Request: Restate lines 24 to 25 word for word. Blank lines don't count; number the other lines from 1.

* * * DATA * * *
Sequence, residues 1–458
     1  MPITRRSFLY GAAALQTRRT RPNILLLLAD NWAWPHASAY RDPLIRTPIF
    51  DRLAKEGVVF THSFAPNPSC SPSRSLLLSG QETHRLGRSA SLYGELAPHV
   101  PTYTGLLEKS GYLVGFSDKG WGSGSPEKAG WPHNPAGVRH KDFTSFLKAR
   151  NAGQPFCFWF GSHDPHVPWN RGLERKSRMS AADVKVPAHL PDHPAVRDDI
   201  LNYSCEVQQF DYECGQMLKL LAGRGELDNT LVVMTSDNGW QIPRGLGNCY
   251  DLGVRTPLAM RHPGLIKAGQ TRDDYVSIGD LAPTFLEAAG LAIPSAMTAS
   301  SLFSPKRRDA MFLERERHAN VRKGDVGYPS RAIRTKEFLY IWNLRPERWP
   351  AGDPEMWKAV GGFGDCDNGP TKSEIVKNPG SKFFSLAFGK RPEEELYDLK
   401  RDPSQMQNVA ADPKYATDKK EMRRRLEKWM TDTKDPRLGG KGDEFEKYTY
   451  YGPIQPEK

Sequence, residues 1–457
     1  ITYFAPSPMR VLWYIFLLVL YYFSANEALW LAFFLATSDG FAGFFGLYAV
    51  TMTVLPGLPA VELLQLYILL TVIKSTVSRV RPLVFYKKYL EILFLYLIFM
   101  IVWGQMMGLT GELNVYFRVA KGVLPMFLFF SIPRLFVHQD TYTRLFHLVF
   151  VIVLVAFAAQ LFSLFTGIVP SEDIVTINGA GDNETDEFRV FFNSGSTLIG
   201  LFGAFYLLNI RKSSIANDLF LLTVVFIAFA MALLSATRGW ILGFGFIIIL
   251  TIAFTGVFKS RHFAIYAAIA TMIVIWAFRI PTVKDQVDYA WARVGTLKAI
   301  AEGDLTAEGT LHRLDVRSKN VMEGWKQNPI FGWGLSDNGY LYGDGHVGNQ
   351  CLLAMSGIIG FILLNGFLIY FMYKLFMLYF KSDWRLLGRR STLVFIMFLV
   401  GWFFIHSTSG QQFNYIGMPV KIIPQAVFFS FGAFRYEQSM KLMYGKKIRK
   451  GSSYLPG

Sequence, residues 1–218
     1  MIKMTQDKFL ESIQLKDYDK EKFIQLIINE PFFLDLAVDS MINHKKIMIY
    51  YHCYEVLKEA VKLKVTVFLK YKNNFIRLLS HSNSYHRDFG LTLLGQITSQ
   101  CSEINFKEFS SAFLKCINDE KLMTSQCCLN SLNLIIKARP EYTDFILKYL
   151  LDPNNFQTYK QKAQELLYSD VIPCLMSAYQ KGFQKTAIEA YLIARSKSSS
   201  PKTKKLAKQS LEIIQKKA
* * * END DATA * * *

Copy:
     1  MIKMTQDKFL ESIQLKDYDK EKFIQLIINE PFFLDLAVDS MINHKKIMIY
    51  YHCYEVLKEA VKLKVTVFLK YKNNFIRLLS HSNSYHRDFG LTLLGQITSQ